Invasive plants got your goat?

Enjoy a field tour to learn how using goats for invasive plant control can help restore native ecosystems.

As spring begins awakening across Michigan, people begin longing for a walk through the woods or fields to enjoy fresh air, spring wildflowers, and the music of returning songbirds. In many locations, the first green we see isn’t all that welcome. Many nonnative, invasive shrubs including glossy buckthorn, multiflora rose, bush honeysuckles, and autumn olive get a jump on leafing out in the spring. This evolutionary advantage paired with rapid, spreading growth often means that native shrubs and other vegetative species are crowded out from many of our natural areas. These widespread invasions result in a continued loss of biodiversity and wildlife habitat.

Once invasive plants are well established, efforts to eradicate—or at least control—these invaders are expensive and time consuming. Conventional approaches include mechanical or hand-pulling, or cuttings that often require a follow up application of chemical herbicides to prevent sprouting. An alternative way to get a foothold on invasive species control is through controlled livestock grazing. Using goats are common choices because they’re easier to transport to different areas and are generalists when it comes to foraging.

Jared Harmon, the executive director of the Mid Michigan Land Conservancy, will be bringing a few of his goats to begin controlling an overabundance of honeysuckle, buckthorn and autumn olive on portions of the Michigan Wildlife Conservancy’s (MWC) Bengel Wildlife Center in Bath, MI. Jared answered a few commonly asked questions about using goats for this purpose:

Q: The old saying is that goats eat everything. Is this true?

Jared: “They’re pickier than you might think. They’ll turn up their noses at some kinds of hay varieties, for example. They generally prefer shrubs and vines, and really like oriental bittersweet, autumn olive, buckthorn species, and even poison ivy. Grasses are least favored, but that is not as healthy for them anyway.”

Q: Are there plants they definitely should not eat—from a goat health perspective?

Jared: “Things to look out for are black cherry, bittersweet nightshade, red maple, black and pale swallowworts, poison hemlock, and rhododendrons, as they are poisonous for goats. It’s also a good idea to avoid oaks because of the tannins they produce.”

Q: What are the biggest benefits of using goats for invasive plant control?

Jared: “They can navigate steep slopes or other hard-to-reach areas a lot easier than people or machines, with a lower overall impact on the land. Plus, their manure doesn’t smell as bad as other livestock, which is another perk of using goats for these control methods.”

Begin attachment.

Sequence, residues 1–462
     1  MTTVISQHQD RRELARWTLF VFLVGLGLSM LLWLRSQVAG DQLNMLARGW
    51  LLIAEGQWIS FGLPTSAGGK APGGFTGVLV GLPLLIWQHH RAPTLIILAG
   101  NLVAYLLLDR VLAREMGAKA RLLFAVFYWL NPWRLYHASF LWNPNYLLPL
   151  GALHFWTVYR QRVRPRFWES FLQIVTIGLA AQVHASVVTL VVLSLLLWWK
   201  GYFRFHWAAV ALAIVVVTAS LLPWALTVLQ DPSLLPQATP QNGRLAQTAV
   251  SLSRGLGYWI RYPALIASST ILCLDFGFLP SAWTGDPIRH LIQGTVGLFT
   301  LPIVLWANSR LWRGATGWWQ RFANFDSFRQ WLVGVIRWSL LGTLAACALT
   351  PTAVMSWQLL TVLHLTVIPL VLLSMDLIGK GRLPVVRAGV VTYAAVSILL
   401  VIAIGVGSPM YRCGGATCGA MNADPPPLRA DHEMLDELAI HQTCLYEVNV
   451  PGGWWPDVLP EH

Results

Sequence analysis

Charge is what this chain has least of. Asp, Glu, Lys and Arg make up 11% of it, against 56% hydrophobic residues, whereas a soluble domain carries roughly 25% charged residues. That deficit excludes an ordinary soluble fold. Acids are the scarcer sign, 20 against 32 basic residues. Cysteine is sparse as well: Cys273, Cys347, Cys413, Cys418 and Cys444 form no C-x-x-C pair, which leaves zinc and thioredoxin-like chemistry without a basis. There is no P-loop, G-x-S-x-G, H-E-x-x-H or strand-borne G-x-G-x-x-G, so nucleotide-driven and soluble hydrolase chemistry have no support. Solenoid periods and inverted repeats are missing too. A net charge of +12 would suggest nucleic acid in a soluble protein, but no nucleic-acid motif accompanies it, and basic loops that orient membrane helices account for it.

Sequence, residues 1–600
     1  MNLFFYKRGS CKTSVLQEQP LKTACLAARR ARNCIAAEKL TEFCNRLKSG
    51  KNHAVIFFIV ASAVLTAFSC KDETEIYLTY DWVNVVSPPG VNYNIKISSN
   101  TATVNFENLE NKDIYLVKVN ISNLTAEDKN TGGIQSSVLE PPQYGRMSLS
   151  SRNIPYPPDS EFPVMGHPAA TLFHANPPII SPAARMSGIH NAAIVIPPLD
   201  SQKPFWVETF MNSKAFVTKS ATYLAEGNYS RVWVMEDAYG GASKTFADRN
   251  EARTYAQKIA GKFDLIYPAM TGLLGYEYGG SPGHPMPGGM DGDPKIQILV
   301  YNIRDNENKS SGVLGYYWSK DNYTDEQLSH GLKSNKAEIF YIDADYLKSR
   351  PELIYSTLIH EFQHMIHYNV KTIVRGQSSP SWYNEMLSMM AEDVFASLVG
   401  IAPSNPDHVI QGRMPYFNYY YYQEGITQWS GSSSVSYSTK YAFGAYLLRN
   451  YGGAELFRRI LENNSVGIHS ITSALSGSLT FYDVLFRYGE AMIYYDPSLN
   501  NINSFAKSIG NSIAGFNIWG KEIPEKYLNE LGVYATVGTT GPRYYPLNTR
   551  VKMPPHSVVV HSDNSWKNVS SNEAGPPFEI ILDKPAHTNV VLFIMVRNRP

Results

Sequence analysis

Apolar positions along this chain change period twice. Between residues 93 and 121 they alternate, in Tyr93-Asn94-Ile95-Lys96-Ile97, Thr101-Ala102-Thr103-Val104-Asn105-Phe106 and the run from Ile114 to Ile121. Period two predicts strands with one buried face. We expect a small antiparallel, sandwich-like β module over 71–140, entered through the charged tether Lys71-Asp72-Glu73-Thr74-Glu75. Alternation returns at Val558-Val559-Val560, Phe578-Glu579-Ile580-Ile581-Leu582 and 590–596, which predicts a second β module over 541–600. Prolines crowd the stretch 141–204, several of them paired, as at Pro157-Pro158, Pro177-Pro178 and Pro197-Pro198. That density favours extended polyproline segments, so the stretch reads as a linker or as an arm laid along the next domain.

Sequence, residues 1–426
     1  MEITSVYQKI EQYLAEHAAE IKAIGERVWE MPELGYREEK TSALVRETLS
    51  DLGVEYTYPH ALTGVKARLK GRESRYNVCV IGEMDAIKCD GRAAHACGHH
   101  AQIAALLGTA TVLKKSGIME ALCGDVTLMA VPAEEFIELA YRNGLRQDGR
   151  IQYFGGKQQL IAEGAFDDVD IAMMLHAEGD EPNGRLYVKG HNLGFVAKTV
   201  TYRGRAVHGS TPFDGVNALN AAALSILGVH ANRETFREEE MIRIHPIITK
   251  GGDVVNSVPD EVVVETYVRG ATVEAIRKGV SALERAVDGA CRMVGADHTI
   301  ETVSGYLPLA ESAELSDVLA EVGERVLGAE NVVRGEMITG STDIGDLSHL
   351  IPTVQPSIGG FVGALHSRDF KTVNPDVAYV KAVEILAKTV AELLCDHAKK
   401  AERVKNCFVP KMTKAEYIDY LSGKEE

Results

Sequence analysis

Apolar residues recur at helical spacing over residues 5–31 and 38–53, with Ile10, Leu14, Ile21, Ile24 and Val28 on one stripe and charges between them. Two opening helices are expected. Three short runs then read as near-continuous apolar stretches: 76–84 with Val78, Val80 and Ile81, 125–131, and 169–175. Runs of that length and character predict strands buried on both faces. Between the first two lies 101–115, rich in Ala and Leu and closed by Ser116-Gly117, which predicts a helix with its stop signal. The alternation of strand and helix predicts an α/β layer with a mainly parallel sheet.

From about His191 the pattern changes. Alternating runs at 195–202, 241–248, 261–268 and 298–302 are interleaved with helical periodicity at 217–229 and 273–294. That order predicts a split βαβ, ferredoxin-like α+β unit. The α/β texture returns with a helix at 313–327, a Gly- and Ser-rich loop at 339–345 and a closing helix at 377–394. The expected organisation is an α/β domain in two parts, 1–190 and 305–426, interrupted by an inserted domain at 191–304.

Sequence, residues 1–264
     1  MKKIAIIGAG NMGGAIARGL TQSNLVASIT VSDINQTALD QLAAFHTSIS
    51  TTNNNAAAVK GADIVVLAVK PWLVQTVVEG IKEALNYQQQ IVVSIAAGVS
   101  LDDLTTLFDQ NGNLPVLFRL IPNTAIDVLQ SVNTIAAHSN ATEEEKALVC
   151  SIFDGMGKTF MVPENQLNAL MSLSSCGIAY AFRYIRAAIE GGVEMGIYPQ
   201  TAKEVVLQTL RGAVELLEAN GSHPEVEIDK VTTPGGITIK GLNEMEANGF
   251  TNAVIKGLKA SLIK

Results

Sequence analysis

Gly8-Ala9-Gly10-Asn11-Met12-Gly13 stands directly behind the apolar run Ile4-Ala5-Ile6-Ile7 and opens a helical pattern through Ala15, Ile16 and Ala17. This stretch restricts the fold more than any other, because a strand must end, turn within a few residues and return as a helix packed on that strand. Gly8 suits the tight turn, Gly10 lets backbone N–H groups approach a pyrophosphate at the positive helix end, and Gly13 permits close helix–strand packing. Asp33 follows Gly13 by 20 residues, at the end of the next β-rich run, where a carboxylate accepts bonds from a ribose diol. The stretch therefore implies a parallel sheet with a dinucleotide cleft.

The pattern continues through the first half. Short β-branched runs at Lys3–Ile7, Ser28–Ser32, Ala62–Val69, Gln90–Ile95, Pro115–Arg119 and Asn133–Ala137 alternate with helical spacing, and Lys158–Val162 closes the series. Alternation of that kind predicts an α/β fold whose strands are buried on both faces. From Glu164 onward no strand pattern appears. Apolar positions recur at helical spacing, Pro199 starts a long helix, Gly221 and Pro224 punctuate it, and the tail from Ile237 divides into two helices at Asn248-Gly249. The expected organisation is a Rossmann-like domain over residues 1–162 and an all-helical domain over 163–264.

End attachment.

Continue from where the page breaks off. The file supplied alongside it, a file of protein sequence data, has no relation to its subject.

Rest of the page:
Q: When is the best time in the season to introduce goats for invasive control?

Jared: “I usually get them started after the spring flush, so generally May, and all the way through the fall. It depends on the weather, but even late fall can work because invasives like buckthorn, honeysuckle, and autumn olive often still have their leaves.”

Q: When birds eat fruits from invasive shrubs like buckthorns and honeysuckles, they end up depositing the seeds in their droppings. These seeds then easily germinate in new locations. Will goats be doing the same thing—sowing seeds as they are being ‘hired’ to knock back invasives?

Jared: “Their four chambered stomach destroys about 99% of seeds they end up eating, so the risk of spreading seeds from their manure is pretty low.”

Q: Do areas need repeated grazing cycles to be effective? What else might land managers need to do for effective invasive control?

Jared: “If you’re not using herbicides to follow up after the goats, then yes, grazing will need to be repeated. Even if you bring in goats just once, though, it lowers the amount of herbicide you’ll need to use later.”

Q: Is there anything else that people should watch out for if they want to use goats for invasive plant control?

Jared: “Definitely avoid using them in areas with rare or endangered species, because they will eat everything that they can reach when they’re out there.”

Prescribed Goat Grazing Event

Jared and the MWC’s director of wildlife programs, Drew Monks, will be offering a presentation and demonstration of the goats’ work on Sunday, April 21, from 1-3 p.m. Anyone can register for this free event.

This event is being co-hosted with Michigan State University Extension, the Mid Michigan Land Conservancy, Michigan Wildlife Conservancy, and the Michigan Forest Association.

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